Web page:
now in its seventh year, is similar to what the Admiral's Cup was when it
was recognized as the "unofficial championship of offshore sailing." Key
West is inshore, but each of the three types of boats, some with partly
professional crews, is deeply international and highly competitive in its
own right.

Bob Hughes' Farr 40, Heartbreaker, from Holland, Mich., is returning to
lead the USA Great Lakes team in defense of the title it wrested from the
three-year grip of Italy. Teammates will be Jeff Dieman's Mumm 30, X-Press
Cartel, from Chicago, and Brian Porter's Melges 24, Full Throttle, Lake
Geneva, Wis.

Competition will include the new Farr 40 world champion, Steve Phillips of
Annapolis, Md., sailing Le Renard for the USA Chesapeake team, and Italy's
Flavio Favini, who won the delayed 2001 Melges 24 world title at Key West
last year, driving Franco Rossini's Blu Moon as a member of the German
team.That trio also features Wolfgang Schaefer, with his Farr 40, Struntje
light, and Bent Dietrich's Mumm 30, Rainbow.

Other teams will represent Australia, Europe A and B, The Netherlands,
Canada and a third US team - Team Northeast. The complete lineup and all
individual entries are posted at

The Farr 40s also will have their own intramural dogfight as some of the
world's best sailors match tactical wits for owners who must drive. Gavin
Brady, Vince Brun, Terry Hutchinson and Jesper Bank are among those fresh
from the America's Cup, along with Paul Cayard, who was compelled to sit it
out under contract to Larry Ellison's Oracle team, and new Star world
champion Iain Percy, on Struntje light. The tacticians also are listed on
the Web site. - Rich Roberts

Bernard Stamm is not a man prone to exaggeration, however his email just
received sums up how things are on board. "It's hell out here," was all he
wrote. The gale force winds that have been lashing him since he rounded
Cape Reinga are forecast to abate slightly overnight and swing to the
northeast. With that in mind we are still forecasting an ETA of Thursday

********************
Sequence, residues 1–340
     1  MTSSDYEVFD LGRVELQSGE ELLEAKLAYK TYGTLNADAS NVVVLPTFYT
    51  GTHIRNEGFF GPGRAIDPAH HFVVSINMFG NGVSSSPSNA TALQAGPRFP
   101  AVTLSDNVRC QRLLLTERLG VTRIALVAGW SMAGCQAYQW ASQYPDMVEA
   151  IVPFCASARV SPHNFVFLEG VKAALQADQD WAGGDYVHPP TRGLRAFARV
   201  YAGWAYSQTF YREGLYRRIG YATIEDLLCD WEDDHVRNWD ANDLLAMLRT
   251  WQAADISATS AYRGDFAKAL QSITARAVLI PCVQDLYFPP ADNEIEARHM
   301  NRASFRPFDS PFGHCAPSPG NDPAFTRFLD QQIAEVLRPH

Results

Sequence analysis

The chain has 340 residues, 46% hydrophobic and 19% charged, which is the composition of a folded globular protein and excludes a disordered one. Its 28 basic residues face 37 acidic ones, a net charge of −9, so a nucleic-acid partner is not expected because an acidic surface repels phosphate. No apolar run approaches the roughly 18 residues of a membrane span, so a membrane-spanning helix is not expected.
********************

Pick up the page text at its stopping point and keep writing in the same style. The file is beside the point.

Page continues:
morning 0700 local time. - Brian Hancock

STANDINGS 2200 UTC January 7 CLASS 1: 1. Bobst Group-Armor Lux, Bernard
Stamm, 183 miles from finish; 2. Solidaires, Thierry Dubois, 423 miles
behind leader; 3. Hexagon, Graham Dalton, 737 mbl, 4. Tiscali, Simone
Bianchetti, 756 mbl; 5. Pindar, Emma Richards, 999 mbl; 6. Ocean Planet,
Bruce Schwab, 1193 mbl.

CLASS 2: 1. Tommy Hilfiger, Brad Van Liew, 1383 miles from finish; 2.
Everest Horizontal, Tim Kent, 710 mbl. 3. Spirit of Canada, Derek Hatfield,
945 mbl; 4. Spirit of yukoh, Kojiro Shiraishi, 1089 mbl, BTC Velocity, Alan
Paris, 1700 mbl. -

Biscayne Bay YC, Florida - Final results (49 boats) 1. Swedish Blue, Ante
Razmilovic, 23; 2. Baby Doll, Yandell Rogers, 27; 3. Twelve Twenty -One,
Jud Smith/ Henry Frazer, 29; 4 As Easy As, Robbie Doyle, 33; 5. Pipe Dream
12, Scott Piper, 36. -

A sigh of relief tonight in Auckland as the 3 PM deadline for any technical
protests (measurement, construction, nationality, etc.) passed with none
filed by any of the remaining teams. However, rumours persist of possible
future challenges to the TNZ "hula" false-hull appendage. On Monday Alinghi
filed a list of questions with the jury about enforcement of the
measurement committee's ruling that TNZ must assure the measurers that the
appendage cannot touch the hull at any time, including while racing in
rough conditions and tight turns during pre-start manuevering.

It hurts to be on the cutting edge.